The folks at New Atlas were able to get an in-depth behind the scenes look at the SpaceX Hyperloop pod competition in January. Here are some of the highlights from the 27 teams involved in the transportation method of the future, Hyperloop tubes with high-speed pods.
We covered the competition as well, in which the test pods were fairly slow, at least as compared to their ultimate goal getting over 700 mph. Elon Musk is behind this SpaceX Hyperloop project, but don’t forget we’ve got players like Hyperloop One working to the same goal, safe, high-speed travel without leaving the ground.
As New Atlas explains, teams worked tirelessly for days to get their pods ready for and into the competition. Long days beset the teams as well, with only a handful of runs taking place each day. Don’t let that fool you of the potential for the system, real world application would not be restricted by multiple-hour setup delays for each run.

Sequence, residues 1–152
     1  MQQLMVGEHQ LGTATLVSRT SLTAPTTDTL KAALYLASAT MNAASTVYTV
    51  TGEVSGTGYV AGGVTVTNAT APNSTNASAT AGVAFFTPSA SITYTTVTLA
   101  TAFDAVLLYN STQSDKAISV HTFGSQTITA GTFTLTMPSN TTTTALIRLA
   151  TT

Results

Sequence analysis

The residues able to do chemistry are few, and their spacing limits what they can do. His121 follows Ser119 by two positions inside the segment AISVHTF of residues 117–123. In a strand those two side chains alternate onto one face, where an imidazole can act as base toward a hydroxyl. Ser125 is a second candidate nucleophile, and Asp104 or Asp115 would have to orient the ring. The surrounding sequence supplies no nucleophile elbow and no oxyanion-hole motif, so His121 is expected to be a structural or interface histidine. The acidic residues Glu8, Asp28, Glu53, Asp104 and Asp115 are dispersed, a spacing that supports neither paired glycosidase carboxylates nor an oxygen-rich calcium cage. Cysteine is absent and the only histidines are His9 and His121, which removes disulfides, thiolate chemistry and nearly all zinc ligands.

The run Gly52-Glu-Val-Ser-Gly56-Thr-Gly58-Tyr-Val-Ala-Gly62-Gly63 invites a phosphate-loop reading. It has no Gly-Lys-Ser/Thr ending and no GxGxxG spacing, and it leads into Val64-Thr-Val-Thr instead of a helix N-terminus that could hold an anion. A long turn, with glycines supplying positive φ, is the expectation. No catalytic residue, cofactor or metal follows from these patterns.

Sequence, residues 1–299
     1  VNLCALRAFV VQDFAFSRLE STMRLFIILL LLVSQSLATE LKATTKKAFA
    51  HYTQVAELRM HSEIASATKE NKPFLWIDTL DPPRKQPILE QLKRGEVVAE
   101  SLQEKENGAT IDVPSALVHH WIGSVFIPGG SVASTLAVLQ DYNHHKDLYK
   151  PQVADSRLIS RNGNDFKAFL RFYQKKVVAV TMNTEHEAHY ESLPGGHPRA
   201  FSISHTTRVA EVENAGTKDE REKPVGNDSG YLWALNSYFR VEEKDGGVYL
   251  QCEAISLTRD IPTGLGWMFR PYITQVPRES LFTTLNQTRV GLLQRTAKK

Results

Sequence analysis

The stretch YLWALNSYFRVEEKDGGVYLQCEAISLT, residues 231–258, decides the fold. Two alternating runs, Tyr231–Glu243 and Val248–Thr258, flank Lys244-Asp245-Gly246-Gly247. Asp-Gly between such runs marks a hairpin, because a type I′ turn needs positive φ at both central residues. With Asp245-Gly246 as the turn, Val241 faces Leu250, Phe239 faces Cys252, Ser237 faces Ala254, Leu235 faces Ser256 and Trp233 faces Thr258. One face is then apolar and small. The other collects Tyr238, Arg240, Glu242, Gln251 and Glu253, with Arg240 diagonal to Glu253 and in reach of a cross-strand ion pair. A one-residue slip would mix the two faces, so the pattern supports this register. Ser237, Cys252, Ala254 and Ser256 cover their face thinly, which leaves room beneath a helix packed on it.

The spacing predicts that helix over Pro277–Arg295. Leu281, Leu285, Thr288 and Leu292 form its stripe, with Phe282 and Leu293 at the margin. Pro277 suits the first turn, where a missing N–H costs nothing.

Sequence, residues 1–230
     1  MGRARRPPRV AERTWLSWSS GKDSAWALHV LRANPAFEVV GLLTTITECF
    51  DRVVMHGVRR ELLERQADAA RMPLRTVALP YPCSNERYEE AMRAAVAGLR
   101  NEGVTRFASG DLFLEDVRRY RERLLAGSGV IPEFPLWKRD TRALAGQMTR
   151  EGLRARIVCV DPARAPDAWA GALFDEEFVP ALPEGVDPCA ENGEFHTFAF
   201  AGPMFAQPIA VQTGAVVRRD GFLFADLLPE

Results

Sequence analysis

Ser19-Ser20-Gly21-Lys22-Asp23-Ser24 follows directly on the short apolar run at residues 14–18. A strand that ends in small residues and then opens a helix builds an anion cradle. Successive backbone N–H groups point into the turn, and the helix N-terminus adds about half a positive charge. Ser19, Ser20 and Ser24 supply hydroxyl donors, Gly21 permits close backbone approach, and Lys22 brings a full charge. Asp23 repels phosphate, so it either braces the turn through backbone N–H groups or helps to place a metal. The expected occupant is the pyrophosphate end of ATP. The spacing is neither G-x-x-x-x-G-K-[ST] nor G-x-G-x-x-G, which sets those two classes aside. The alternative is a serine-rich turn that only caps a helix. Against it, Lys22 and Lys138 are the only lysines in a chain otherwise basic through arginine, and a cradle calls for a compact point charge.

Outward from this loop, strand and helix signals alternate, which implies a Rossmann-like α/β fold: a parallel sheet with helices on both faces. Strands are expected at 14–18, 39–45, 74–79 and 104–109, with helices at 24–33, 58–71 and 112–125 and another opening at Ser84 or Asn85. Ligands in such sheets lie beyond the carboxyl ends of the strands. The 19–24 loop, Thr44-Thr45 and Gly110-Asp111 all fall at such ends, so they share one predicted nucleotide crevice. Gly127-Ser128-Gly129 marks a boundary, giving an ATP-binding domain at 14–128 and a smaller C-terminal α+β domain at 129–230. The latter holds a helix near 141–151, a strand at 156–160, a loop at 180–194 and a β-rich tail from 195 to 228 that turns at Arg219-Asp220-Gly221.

Loading a pod, ensuring successful completion of a 95 point checklist, running an open air test and then finally sealing and depressurizing the tube for each pod takes a lot of time. Apparently, the process took too much time, with only three teams, yes, just three pods were able to run all steps from start to finish of the twenty seven pods in attendance. Those three got to run in the final vacuum sealed tube.
Be sure to check out the piece at New Atlas, it is informative and paints a picture of Hyperloop technology taking root around the globe.
The next stage of Musk’s SpaceX Hyperloop competition will be in June. This will be the exciting event in which teams focus on attaining a top speed. Remember, the goal is in the 750 mph range. Let’s see if these few experienced and a handful of new teams can meet that goal so early in the life of the technology.
Would you ride a Hyperloop pod at the speed of a jet plane to get to work each morning?